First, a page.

The company is a multinational biotechnology company and is present in over 44 countries worldwide. The main products are diagnostic instruments and software. Its products are used in both the healthcare sector, the food industry, and the cosmetics sector.
The dividend has been stable, but it was lowered because of the Covid-19:
About 20-40% of the earnings are normally paid out as dividends.
As with many French companies, Bollore is family-controlled. It’s an investment company with assets in the paper industry, energy, plantations, and logistics. The dividend has been almost doubled over the last 15 years, a growth slightly higher than the inflation rate:
The BoD keep the payout ratio in the 50-70% region.
The company is producing (mainly) processed vegetables and is controlled by the Bonduelle family.
The company is a mid-cap but it has nevertheless never lowered its dividend for a long time:
The payout ratio is quite low, normally below 30% of the earnings.
This is a family-controlled company and has three main segments: real estate construction/development, media, and telecom. The dividend has been steady since 2005:
Bougyues’ payout ratio is normally above 50%.
Danone is a multinational food company. It’s one of the world’s biggest with sales in over 120 countries worth more than 25 bn EUR. Because of its predictable business model, the dividend has grown at a rapid pace over the last years:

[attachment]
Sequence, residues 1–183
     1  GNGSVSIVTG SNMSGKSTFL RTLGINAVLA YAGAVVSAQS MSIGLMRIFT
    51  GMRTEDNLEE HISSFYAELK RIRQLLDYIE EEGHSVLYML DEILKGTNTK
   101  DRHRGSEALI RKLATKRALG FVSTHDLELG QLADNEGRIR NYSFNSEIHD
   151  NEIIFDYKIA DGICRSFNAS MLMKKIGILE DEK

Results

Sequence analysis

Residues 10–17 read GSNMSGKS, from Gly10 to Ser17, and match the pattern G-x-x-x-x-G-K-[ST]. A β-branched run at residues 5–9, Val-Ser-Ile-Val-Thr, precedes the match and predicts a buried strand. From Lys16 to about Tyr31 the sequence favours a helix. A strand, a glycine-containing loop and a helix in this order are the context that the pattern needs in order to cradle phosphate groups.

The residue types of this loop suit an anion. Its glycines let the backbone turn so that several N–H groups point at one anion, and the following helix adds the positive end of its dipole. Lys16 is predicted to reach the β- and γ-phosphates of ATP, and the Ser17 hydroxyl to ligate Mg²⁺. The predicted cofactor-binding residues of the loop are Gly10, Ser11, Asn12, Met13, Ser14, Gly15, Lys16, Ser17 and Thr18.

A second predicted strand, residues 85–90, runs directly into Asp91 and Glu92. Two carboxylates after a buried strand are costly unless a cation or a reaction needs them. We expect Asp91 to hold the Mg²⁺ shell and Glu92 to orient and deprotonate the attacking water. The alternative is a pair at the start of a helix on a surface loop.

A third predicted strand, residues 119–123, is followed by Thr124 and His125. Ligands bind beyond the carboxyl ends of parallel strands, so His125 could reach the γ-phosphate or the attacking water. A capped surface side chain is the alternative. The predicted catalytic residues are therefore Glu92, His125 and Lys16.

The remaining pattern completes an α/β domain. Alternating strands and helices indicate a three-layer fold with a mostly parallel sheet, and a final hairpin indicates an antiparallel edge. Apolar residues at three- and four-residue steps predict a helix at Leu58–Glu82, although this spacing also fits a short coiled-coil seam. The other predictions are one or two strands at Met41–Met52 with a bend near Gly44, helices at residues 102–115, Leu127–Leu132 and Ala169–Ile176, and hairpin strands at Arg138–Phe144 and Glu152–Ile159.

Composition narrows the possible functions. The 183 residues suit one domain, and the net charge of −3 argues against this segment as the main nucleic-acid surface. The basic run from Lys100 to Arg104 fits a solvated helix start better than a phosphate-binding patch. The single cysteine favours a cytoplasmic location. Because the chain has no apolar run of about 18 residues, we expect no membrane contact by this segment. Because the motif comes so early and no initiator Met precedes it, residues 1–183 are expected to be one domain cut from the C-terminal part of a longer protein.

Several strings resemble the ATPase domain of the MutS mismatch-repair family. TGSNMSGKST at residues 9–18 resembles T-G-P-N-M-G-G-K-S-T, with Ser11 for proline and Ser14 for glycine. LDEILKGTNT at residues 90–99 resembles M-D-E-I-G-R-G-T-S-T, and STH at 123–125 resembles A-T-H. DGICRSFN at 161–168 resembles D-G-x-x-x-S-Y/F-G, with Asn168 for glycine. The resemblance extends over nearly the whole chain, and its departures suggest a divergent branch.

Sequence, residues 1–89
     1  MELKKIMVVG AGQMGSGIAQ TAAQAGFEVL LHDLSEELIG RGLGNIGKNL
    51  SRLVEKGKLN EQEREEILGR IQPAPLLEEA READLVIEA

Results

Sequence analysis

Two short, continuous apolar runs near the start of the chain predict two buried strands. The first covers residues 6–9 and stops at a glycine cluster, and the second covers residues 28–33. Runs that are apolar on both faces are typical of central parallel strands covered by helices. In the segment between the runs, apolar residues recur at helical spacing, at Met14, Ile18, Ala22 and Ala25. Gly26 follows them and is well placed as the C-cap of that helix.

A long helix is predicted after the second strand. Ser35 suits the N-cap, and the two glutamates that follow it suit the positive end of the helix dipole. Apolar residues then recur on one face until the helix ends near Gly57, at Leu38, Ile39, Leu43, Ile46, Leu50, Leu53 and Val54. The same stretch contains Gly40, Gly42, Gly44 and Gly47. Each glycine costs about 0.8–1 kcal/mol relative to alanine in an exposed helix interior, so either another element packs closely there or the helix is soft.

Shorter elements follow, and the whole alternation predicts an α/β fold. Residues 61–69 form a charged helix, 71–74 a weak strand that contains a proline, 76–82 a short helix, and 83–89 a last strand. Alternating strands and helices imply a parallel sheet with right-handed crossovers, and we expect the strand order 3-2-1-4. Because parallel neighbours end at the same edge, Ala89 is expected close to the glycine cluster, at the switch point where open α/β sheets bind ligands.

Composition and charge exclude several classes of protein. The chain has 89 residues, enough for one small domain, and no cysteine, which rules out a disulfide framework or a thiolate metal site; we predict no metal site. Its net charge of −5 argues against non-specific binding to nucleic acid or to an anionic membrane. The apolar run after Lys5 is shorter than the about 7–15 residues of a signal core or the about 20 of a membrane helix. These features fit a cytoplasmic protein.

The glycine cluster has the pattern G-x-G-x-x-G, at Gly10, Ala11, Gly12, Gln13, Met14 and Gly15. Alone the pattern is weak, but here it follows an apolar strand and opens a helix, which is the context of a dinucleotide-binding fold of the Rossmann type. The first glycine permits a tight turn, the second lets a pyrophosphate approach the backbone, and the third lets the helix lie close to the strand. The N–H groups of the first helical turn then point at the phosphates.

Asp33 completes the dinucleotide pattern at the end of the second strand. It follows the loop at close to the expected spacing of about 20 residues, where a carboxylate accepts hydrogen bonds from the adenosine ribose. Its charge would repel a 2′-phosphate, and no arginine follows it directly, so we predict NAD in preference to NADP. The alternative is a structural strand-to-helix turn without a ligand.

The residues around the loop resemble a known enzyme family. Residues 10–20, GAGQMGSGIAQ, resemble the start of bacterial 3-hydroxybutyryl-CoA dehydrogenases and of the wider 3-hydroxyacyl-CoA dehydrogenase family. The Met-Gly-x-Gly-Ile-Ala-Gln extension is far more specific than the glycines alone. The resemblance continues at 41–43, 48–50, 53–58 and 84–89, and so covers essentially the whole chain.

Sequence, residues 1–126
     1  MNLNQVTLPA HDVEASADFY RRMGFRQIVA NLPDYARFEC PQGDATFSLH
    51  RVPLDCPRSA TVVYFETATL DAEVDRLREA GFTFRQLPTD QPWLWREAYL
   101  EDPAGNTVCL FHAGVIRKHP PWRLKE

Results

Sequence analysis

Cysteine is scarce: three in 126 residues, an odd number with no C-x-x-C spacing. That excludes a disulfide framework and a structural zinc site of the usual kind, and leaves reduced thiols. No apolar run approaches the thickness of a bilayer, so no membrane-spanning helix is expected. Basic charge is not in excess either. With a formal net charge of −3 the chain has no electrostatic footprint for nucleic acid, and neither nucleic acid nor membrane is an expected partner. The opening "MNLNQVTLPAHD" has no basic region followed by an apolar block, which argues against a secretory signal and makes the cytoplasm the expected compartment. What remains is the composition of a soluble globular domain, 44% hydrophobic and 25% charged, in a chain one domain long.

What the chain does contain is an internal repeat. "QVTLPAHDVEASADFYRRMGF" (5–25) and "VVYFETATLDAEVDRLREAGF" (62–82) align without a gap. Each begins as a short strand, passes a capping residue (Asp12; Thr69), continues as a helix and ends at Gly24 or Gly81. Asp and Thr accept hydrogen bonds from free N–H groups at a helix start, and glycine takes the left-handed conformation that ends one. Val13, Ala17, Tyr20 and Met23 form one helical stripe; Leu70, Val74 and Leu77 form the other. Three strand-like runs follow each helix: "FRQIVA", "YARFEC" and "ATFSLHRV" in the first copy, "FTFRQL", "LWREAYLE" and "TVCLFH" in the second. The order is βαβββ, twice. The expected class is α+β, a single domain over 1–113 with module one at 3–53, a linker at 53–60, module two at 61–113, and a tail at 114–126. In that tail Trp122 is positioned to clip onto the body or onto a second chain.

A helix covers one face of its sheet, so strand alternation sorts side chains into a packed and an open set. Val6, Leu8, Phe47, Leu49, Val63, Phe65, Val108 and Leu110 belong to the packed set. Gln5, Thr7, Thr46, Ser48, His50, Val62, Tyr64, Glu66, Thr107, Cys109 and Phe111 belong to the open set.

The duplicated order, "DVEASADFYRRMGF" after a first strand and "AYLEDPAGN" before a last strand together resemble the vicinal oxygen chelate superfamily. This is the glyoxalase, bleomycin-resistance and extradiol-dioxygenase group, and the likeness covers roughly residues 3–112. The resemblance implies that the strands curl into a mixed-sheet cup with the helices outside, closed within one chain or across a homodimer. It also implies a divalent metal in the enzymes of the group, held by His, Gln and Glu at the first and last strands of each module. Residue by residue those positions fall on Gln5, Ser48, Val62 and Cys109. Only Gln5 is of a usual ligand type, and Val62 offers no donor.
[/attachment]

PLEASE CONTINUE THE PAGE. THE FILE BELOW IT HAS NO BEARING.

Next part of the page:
This is a conglomerate/investment company controlled by the Dassault family. It was originally an aviation company but has diversified into a wide range of industries: software, electric cars, media (Le Figaro), real estate, and smaller investments.
Dassault’s dividend has grown 8.4% annually since 2005:
EssilorLuxottica is a merger of the French Essilor and the Italian Luxottica in 2018. Essilor manufactures lenses to correct eyesight, while Luxottica owns eyewear brands such as Ray-Ban and Oakley.
Essilor has paid a rising dividend all the way up to the Covid-19 mess when it was canceled. The dividend has resumed in 2020:
Hermes is yet another French manufacturer of luxury goods, mainly in leather, accessories, home furnishing, perfumes, jewelry, and watches.
The dividend has been increased for a number of years:
About 30-40% of the earnings are paid out as dividends.
This is the company founded by the Pinault family, and they still have control. The name Kering was established in 2013 when it decided to focus solely on luxury goods. The dividend has been raised substantially since 2005: